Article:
Iowa Republicans introduced a bill that would make staple foods like fresh meat uneligible for SNAP benefits. But the proposal would not affect other states.
The Supplemental Nutrition Assistance Program (SNAP) helps millions of Americans pay for groceries.
Formerly known as the Food Stamp Program, SNAP was used by more than 41 million people last year — about 12% of the population — and is a central part of the nationwide effort to end hunger.
SNAP funds can be used to purchase a variety of groceries, although certain items, such as alcohol and hot food, are not eligible. Several viral tweets recently accused Republicans of trying to limit SNAP benefits by proposing cuts in eligible foods.
Have Republicans proposed reducing what groceries can be purchased with SNAP?
Republicans in the Iowa House of Representatives introduced a bill that would limit what groceries could be purchased with SNAP, but it would only affect Iowa — no such bill was introduced at the federal level.
WHAT WE FOUND
SNAP is overseen by the US Department of Agriculture but administered at the state level.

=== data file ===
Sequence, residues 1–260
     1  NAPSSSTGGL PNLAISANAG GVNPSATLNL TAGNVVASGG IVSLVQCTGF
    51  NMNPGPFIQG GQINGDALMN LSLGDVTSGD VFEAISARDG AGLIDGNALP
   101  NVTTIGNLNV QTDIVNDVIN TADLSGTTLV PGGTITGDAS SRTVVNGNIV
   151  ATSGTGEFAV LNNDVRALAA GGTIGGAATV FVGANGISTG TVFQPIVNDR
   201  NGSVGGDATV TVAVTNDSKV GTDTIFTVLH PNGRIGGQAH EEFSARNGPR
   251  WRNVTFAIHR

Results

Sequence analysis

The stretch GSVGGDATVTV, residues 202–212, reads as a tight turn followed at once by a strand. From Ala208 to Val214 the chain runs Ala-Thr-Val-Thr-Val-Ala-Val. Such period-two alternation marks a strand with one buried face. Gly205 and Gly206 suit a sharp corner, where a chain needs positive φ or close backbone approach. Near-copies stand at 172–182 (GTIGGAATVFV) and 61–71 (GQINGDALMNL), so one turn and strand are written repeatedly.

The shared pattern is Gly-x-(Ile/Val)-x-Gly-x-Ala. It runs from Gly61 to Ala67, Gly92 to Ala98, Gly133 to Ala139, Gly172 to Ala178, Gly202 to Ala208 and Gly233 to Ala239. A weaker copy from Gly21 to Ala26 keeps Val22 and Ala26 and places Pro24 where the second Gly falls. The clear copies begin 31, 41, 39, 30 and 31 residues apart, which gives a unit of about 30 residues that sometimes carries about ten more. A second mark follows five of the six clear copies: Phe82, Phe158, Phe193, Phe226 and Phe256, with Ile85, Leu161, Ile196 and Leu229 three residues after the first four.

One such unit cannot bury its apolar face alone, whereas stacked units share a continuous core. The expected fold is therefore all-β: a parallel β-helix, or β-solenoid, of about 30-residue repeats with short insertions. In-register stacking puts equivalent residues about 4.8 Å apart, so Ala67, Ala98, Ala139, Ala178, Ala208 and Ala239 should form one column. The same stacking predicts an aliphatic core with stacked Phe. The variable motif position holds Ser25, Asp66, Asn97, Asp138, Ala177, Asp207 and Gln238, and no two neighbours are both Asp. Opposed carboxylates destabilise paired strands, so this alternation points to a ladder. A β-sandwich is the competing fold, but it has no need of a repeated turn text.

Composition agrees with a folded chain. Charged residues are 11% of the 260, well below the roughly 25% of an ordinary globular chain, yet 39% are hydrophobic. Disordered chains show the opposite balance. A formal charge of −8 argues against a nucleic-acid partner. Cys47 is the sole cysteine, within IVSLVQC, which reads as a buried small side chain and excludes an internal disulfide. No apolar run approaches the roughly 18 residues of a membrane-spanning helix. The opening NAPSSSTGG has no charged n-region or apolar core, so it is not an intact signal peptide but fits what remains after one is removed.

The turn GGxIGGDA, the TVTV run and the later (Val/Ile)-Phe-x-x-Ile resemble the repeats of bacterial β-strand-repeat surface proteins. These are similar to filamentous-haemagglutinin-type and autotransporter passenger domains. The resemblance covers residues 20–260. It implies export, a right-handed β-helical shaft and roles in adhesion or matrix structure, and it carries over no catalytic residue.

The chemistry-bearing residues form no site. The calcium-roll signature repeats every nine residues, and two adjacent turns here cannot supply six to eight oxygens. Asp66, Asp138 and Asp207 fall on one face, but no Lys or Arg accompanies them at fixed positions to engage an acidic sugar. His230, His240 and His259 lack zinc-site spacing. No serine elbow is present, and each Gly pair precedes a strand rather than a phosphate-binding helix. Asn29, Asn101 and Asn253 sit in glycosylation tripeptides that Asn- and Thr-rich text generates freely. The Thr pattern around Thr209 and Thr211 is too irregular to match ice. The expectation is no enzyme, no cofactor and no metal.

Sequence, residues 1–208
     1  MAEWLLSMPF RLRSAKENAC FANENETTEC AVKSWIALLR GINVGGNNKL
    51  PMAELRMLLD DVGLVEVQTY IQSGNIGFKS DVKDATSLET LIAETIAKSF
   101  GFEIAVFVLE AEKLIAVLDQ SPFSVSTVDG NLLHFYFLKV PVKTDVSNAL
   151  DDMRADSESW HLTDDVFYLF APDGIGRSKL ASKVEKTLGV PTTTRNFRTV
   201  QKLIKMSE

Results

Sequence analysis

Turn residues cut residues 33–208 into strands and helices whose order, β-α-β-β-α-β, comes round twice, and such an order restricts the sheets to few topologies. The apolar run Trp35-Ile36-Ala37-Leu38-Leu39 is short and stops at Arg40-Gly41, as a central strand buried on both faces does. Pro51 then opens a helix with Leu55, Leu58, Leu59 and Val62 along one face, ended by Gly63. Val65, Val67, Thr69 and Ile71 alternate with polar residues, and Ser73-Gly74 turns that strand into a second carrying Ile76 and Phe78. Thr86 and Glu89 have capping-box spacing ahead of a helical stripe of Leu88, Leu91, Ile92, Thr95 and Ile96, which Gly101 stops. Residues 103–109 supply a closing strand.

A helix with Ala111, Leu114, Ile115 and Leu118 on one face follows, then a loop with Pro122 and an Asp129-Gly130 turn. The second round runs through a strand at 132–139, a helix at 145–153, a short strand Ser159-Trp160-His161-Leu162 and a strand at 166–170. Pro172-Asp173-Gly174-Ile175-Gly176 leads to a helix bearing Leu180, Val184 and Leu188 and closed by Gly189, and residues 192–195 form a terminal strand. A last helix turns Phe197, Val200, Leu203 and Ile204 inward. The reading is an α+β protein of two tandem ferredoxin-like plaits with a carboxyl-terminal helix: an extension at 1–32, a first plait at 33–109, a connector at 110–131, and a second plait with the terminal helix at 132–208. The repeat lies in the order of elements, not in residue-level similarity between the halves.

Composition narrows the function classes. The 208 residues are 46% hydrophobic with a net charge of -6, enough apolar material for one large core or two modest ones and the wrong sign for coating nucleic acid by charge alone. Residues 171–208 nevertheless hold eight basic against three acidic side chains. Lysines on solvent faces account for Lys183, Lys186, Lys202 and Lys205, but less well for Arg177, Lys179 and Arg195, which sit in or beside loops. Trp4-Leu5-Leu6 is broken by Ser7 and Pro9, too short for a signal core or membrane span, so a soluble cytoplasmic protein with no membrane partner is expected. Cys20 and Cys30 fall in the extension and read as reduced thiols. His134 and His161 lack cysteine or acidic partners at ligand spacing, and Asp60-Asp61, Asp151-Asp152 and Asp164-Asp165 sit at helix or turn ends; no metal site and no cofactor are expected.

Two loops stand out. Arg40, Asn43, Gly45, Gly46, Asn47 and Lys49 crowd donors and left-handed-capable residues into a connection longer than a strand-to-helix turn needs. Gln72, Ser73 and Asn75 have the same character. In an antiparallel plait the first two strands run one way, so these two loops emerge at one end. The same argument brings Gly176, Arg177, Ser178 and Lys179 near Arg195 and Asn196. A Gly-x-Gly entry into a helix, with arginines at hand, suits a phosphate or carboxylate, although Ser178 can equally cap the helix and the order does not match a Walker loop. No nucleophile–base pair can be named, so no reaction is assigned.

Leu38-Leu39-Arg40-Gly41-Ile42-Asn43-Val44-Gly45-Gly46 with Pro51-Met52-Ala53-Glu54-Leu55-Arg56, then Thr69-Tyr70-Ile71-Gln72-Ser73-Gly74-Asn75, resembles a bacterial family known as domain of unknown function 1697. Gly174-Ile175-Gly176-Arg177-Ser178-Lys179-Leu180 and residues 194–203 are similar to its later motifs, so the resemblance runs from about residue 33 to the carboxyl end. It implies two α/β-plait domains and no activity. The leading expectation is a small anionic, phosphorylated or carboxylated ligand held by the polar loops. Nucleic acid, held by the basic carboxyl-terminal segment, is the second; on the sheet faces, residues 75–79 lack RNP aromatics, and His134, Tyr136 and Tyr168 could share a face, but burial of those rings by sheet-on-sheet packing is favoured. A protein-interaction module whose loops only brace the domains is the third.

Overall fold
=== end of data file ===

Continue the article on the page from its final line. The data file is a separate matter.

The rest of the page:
On Jan. 11, several Republican state officials in Iowa introduced a bill proposing numerous changes to the way Iowa administers SNAP and some other benefit programs.
One of the proposed changes affects what groceries can be purchased with SNAP in Iowa. The bill aims to replace the current list with a more limited list from another program.
This program is called WIC – Women, Infants, and Children – and while SNAP is designed to address hunger in general, WIC only targets specific nutritional deficiencies. As a result, the list of permitted foods is more restrictive. It also varies from state to state, with each state releasing an annual list of approved products — often down to brand, size, and flavor.
Using the WIC Grocery List would prevent Iowans from using SNAP to purchase several staples such as flour, fresh meat and white rice.
However, the bill has not passed – it has only been introduced.
Additionally, to make such a significant change to the way Iowa administers SNAP, the state would need to obtain federal government approval. The bill would prompt Iowa to apply to the USDA for a waiver to change the list of permitted foods.
If the law were passed and the waiver granted, the amendment would still only affect Iowa as it is only a state proposal. We’ve looked at the list of laws passed in Congress so far, and there hasn’t been a bill proposing changes to SNAP-eligible foods at the federal level.